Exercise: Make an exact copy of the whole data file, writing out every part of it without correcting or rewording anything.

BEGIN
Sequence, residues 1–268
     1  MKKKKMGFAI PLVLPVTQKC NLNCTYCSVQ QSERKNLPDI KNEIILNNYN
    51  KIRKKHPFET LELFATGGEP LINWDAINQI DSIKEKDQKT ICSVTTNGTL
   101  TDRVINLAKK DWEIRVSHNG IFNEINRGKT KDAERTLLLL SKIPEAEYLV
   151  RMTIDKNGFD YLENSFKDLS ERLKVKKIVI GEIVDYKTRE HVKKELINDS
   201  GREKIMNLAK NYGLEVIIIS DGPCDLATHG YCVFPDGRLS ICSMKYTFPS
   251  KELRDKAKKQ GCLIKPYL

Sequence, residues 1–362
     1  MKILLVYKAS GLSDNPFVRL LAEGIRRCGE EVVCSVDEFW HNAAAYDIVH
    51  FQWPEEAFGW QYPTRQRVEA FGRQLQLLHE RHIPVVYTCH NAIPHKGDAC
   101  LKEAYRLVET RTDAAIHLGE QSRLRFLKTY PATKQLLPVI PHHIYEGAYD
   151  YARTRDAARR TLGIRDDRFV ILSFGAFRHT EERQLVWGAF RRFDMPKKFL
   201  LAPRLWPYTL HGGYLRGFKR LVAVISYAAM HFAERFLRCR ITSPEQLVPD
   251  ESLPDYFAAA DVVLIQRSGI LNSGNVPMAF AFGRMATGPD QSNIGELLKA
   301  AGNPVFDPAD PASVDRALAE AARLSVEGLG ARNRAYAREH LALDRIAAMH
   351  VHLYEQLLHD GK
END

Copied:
Sequence, residues 1–268
     1  MKKKKMGFAI PLVLPVTQKC NLNCTYCSVQ QSERKNLPDI KNEIILNNYN
    51  KIRKKHPFET LELFATGGEP LINWDAINQI DSIKEKDQKT ICSVTTNGTL
   101  TDRVINLAKK DWEIRVSHNG IFNEINRGKT KDAERTLLLL SKIPEAEYLV
   151  RMTIDKNGFD YLENSFKDLS ERLKVKKIVI GEIVDYKTRE HVKKELINDS
   201  GREKIMNLAK NYGLEVIIIS DGPCDLATHG YCVFPDGRLS ICSMKYTFPS
   251  KELRDKAKKQ GCLIKPYL

Sequence, residues 1–362
     1  MKILLVYKAS GLSDNPFVRL LAEGIRRCGE EVVCSVDEFW HNAAAYDIVH
    51  FQWPEEAFGW QYPTRQRVEA FGRQLQLLHE RHIPVVYTCH NAIPHKGDAC
   101  LKEAYRLVET RTDAAIHLGE QSRLRFLKTY PATKQLLPVI PHHIYEGAYD
   151  YARTRDAARR TLGIRDDRFV ILSFGAFRHT EERQLVWGAF RRFDMPKKFL
   201  LAPRLWPYTL HGGYLRGFKR LVAVISYAAM HFAERFLRCR ITSPEQLVPD
   251  ESLPDYFAAA DVVLIQRSGI LNSGNVPMAF AFGRMATGPD QSNIGELLKA
   301  AGNPVFDPAD PASVDRALAE AARLSVEGLG ARNRAYAREH LALDRIAAMH
   351  VHLYEQLLHD GK